Places of rest

Amber Aranui searches the world for Māori and Moriori human remains to bring home as a researcher for Te Papa’s Karanga Aotearoa Repatriation Programme.

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Qiane Matata-Sipu

“I didn’t know this kind of mahi existed but I’ve always been nosy, I’ve always been inquisitive. I’ve always been one of those kids that’s said, ‘Why?’ I’ve always been interested in who I am and where I come from and I guess that’s why I got into archaeology.

I met some Aboriginal people from Adelaide and their job was to bring their tūpuna back from overseas. I thought that was amazing. A few years later I was saying to them, ‘I really like the mahi you do, I admire it because it’s meaningful,’ and there was a woman there that said to me, ‘There’s a job at Te Papa—it closes in three days.’ I got the job and I’ve never looked back.

Mainly it’s us contacting museums and universities, medical institutions, any institution that we think might hold human remains and we just spam them, basically. We write to them and ask them if they have Māori or Moriori human remains. Most of the time people are pretty good and they will let you know what they have. They might not necessarily want to give them back.

There are still quite a number in England specifically. One institution has over 300 tūpuna, and a third of those tūpuna are Moriori.

Museums were likened to the Noah’s Ark of the human race. They wanted to collect two of everything—or 300 of everything—so they could compare Māori to Tahitians to Hawaiians to Native Americans, to see how much brain capacity they had. They were collected at a time when Darwinism was at its peak, so people were looking at how the human race has evolved over time and they believed that Caucasians or Europeans were at the peak of civilisation. Everybody else that was a bit darker were still evolving and coming out of their savagery. It’s not necessarily a nice field of study.

During the first five years I was angry all the time, just reading the letters, the way people described our tūpuna, the lengths they went to steal them out of their caves, out of their burial grounds, the lies they told in order to obtain our tūpuna and send them overseas.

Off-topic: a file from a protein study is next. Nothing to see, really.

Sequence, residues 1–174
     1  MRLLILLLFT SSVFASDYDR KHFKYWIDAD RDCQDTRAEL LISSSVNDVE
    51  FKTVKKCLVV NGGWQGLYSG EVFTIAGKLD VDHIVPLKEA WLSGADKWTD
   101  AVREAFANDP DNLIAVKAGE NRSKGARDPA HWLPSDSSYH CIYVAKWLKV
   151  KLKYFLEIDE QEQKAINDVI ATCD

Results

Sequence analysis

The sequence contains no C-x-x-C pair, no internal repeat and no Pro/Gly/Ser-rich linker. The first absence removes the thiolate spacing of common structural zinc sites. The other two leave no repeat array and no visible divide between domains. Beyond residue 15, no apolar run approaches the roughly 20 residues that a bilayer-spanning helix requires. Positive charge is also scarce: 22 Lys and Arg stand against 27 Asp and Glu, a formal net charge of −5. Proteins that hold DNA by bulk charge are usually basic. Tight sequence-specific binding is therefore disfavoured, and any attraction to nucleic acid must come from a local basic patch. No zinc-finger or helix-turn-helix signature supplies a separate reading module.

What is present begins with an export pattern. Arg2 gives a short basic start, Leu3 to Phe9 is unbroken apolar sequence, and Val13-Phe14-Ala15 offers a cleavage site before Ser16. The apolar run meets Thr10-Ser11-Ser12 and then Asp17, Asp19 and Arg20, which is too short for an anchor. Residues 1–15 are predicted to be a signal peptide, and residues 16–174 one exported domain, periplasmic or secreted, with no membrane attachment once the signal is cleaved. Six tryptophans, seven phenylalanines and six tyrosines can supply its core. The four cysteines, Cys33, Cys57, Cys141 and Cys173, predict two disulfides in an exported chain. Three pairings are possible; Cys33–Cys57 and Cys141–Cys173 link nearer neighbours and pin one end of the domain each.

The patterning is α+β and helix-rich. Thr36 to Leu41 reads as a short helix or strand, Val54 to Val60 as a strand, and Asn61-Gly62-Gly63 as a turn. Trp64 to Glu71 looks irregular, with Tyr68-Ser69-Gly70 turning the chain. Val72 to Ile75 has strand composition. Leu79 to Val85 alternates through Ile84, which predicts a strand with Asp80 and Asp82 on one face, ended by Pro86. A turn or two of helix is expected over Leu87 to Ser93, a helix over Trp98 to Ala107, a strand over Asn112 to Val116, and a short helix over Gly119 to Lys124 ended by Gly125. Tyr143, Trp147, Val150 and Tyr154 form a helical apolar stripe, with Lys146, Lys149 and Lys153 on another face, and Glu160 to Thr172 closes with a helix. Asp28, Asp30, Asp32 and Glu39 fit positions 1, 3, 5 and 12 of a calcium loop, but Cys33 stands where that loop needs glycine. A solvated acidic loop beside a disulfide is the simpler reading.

I think more people need to understand what happened in the 19th century—hundreds and hundreds of our tūpuna were sent overseas.

It was hard initially because of all the emotions that come out, but I had to have a talk to myself and say, ‘You are not helping anybody by just being angry or sad all the time, you are here to help bring them home.’ But that doesn’t mean I don’t care, often times when we go overseas and we are invited into a collection store to view our tūpuna, sometimes I just burst out in tears. Other times I’m okay.

I play taonga pūoro. Every time I go overseas I try and look at their collection of pūoro just to see what they have and where they are from.

Part of my job is to do reconnaissance so I’ll go to the institutions and meet with the people and sometimes I have to confirm, particularly with the Toi moko, that they are Māori—and just looking at their moko you can tell straight away, because no other culture preserved their dead in that way.

It’s not likely that we are ever going to find out their names, but at least we can find out where they were taken from, where they were buried, and then for us it’s just to let iwi or hapū know that this is the information we have. The last thing we want to do is to send people home to the wrong place.

The sad thing is that when we take tūpuna home, for the most part, people don’t even know that they had been taken.

Institutions are scared that if they start giving back human remains, then we are going to want everything back, that floodgate is going to open, and then the museums are going to be empty. I think that’s a bit of an exaggeration. But that’s the view. The other thing is that they see our tūpuna and many other indigenous people’s ancestors as having scientific value, so they don’t want to give them back because they want to do research on them. From what I’ve found out in this mahi, the tūpuna that are overseas have just sat on the shelves. No one has even looked at them since they were taken. So to say that they have potential scientific value, it’s like, well, you haven’t done anything
with them for the last 100 years.

I’ve always been around death, for some reason. I’ve helped my father when he passed away—I helped dress him and have done that with other family members and friends of family members who have passed away.

I lived across the road from the cemetery for 14 years and people would come to my house and be like, ‘I don’t know how you can live here,’ but I would be like, ‘They don’t annoy me. They’re fine.’ I look back sometimes and think, ‘Maybe I was preparing to do this mahi.’”